Bill gates was against this back when Larry Ellison of Oracal wanted to do this 30 years ago. The new leadership at Microsoft wanted to change Windows into an Android type OS with Windows 8. The backlash was swift. The release of Win8.1 followed closely there after. Windows 9 was scrubed which is why they skipped to Win 10. There only throwing programming assets at the desktop OS til they can figure out how to move the whole of the desktop seen to the subsription model. So I seriously digressed from the topic. My apoligies.

The OP wanted suggestions to make his system better or else why ask for software to include. Your myopic on this too it appears.

How about you try to help the OP things to improve his next OS installaton instead of belittling my software suggestions. Not really worthy of a Team Manager - Hard, Acting Manager, Security as you say you are. How about a little more of "try this software" or "what about this software:" istead of the pooh poohing of suggestions by other posters.
 

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As far as Teracopy try version 2.3. I've complained to them about the new Win 8-10 interface. Yes their newer offering are crap as far as the UI. Version 2.3 of Teracopy was easy to use and had a simple to understand Ui (user interface). Go give that version a thorough try and I think you'll come aboard with using it as a daily driver, as far as a file copy manager.
 

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Moderator , Security Team
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1,200 Posts
Rich, Spyware Blaster blocks bad sites by setting permissions in the various browsers. Whilst this may seem like a good idea, having thousands of blocked sites, most of which you will never visit, and which get changed on a regular basis, just means that over time your browser will just get slower and slower as the number of blocked sites gets ever bigger.

The same problem occurs to a lesser extent with a large Hosts file.

Because of this, programs like Malwarebytes moved to a process of active blocking, which deals with sites by analysing what it finds when you land on them, and also by referring to a list hosted on one of Malwarebytes' servers.

As for "tracking cookies", well to be honest they really are the least of your worries where tracking is concerned, so it really doesn't matter too much whether you remove every single on or not, you'll still be tracked.

Tracking is very big business, and advertisers, and web analysts have gone to a great deal of time and expense to ensure that they can follow you around the internet and compile data on what you look at.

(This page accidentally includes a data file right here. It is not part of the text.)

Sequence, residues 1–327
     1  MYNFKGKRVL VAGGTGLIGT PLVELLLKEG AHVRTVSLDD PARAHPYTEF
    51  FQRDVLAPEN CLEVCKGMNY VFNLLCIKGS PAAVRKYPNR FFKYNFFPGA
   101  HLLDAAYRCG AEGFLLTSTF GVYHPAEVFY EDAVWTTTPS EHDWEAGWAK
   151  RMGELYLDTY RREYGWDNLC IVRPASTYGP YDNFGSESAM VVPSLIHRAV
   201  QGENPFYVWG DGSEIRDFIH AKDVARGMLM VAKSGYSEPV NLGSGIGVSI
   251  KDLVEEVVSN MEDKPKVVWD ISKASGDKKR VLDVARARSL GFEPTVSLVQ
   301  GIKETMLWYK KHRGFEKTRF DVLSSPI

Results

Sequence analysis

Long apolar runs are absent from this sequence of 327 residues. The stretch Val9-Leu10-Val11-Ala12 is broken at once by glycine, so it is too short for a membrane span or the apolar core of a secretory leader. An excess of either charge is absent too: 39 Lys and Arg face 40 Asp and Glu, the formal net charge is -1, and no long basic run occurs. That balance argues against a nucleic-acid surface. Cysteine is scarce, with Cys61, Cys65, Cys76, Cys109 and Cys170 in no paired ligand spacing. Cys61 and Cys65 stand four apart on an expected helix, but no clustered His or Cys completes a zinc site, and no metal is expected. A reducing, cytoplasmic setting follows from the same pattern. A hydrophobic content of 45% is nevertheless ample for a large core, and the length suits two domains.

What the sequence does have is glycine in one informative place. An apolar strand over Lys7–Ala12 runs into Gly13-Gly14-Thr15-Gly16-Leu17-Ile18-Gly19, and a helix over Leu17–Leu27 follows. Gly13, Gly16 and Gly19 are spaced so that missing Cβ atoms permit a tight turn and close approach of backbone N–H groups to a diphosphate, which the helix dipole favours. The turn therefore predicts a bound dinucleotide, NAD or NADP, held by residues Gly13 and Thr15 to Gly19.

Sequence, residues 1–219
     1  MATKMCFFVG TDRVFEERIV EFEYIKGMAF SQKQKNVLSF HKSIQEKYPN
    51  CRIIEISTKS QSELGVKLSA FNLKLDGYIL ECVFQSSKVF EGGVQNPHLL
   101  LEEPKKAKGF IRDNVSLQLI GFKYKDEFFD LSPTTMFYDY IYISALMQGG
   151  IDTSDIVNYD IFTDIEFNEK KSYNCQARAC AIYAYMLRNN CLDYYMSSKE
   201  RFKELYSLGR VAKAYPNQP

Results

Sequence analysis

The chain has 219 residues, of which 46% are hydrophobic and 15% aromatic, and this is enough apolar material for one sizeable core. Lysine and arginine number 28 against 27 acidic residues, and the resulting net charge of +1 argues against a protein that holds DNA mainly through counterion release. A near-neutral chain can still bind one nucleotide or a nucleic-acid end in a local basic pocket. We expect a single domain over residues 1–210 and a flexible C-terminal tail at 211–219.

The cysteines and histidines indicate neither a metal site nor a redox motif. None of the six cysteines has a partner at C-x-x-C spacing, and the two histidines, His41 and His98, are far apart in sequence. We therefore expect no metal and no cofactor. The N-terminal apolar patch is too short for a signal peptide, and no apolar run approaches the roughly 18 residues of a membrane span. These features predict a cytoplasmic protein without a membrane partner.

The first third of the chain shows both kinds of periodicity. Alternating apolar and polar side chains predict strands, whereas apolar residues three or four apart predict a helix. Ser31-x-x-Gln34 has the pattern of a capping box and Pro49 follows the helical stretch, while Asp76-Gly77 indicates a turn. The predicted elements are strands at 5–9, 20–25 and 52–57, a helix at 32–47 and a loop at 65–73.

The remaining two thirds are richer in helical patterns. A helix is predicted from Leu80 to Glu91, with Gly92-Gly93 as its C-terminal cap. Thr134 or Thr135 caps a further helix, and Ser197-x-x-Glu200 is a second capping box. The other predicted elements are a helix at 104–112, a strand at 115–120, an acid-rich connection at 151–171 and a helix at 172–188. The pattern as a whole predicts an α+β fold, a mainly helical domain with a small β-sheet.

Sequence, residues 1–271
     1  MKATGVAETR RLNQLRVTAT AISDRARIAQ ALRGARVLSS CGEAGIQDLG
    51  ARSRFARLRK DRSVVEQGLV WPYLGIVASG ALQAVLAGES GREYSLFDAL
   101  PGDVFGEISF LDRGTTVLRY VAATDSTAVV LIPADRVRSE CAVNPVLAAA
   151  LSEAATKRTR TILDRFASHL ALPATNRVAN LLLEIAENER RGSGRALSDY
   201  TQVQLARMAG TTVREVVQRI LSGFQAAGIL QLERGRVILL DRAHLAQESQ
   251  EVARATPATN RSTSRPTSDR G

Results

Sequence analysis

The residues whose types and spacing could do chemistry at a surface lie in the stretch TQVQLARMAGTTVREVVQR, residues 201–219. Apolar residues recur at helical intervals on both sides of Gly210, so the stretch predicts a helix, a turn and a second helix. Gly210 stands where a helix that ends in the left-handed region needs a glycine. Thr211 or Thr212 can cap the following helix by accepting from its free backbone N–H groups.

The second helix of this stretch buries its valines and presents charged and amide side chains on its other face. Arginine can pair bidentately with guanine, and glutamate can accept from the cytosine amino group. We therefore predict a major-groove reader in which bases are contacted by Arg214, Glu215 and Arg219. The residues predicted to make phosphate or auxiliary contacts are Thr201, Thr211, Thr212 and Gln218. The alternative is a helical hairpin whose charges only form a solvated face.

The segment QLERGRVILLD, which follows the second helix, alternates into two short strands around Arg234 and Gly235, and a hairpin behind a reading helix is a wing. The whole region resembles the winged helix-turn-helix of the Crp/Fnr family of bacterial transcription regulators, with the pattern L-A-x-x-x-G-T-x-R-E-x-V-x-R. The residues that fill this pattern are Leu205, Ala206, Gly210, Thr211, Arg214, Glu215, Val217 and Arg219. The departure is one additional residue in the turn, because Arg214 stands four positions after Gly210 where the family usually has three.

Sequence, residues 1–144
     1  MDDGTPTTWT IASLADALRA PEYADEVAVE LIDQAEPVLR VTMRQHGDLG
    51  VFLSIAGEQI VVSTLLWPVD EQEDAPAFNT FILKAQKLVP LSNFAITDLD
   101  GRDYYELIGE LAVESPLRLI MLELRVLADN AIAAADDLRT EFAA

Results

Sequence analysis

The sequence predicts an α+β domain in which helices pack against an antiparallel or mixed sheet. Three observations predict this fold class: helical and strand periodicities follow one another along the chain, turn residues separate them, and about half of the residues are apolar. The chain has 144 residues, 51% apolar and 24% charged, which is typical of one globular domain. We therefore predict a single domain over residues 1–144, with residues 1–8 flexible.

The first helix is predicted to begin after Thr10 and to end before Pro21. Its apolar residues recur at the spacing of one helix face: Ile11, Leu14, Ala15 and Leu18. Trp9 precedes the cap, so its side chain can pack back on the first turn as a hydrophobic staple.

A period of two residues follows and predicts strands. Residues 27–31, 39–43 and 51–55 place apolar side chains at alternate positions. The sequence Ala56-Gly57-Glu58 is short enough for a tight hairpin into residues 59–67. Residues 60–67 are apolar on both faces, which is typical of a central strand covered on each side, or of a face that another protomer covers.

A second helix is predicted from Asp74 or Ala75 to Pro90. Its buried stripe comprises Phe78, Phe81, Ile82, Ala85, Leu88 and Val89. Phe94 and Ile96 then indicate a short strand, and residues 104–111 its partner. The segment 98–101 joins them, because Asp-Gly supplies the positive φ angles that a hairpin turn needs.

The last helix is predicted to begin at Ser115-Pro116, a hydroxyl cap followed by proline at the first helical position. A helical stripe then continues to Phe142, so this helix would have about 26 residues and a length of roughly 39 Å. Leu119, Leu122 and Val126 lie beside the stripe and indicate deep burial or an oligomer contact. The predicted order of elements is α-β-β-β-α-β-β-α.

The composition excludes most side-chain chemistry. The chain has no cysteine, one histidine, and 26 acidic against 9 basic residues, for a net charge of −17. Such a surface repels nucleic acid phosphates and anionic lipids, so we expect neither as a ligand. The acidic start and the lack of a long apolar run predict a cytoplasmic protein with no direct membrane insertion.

Pretty much every site you land on will have beacons, and other site monitoring software that logs and categorises its visitors, and these are often not dependant at all on cookies to function.

Blocking tracking is an exercise in futility for most people, since paradoxically, due to fingerprinting, the more trouble you go to to hide your identity, the more identifiable you become.

For me personally, I just use Firefox with the "Enhanced Tracking Protection" setting set to Strict, and that will block most of the basic tracking techniques.

To check how identifiable you are, EFF have a browser checker at ...

 

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Team Manager, Microsoft Support
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I just prefer to let FF delete all cookies when closing it.
 

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Team Manager - Hardware, Acting Manager, Security
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That is fine but that doesn't touch tracking cookies!
 

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Team Manager - Hardware, Acting Manager, Security
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14,730 Posts
Rich, Spyware Blaster blocks bad sites by setting permissions in the various browsers. Whilst this may seem like a good idea, having thousands of blocked sites, most of which you will never visit, and which get changed on a regular basis, just means that over time your browser will just get slower and slower as the number of blocked sites gets ever bigger.

The same problem occurs to a lesser extent with a large Hosts file.

Because of this, programs like Malwarebytes moved to a process of active blocking, which deals with sites by analysing what it finds when you land on them, and also by referring to a list hosted on one of Malwarebytes' servers.

As for "tracking cookies", well to be honest they really are the least of your worries where tracking is concerned, so it really doesn't matter too much whether you remove every single on or not, you'll still be tracked.

Tracking is very big business, and advertisers, and web analysts have gone to a great deal of time and expense to ensure that they can follow you around the internet and compile data on what you look at.

Pretty much every site you land on will have beacons, and other site monitoring software that logs and categorises its visitors, and these are often not dependant at all on cookies to function.

Blocking tracking is an exercise in futility for most people, since paradoxically, due to fingerprinting, the more trouble you go to to hide your identity, the more identifiable you become.

For me personally, I just use Firefox with the "Enhanced Tracking Protection" setting set to Strict, and that will block most of the basic tracking techniques.

To check how identifiable you are, EFF have a browser checker at ...

Gary what tracking cookies do isn't my concern it's their presence and obviously you will always be adding more but regular scanning and removal of them definitely speeds up your browsers. I never ceased to be amazed how suddenly removing 3,000 tracking cookies which I would say the average pc has onboard if never scanned for will speed up a browser especially on a dog slow internet as many of my clients have. Truthfully removing 3,000 of anything will speed things up as we both know.
As for Spywareblaster I am reluctant to remove anything I do which keeps people away from potentially bad websites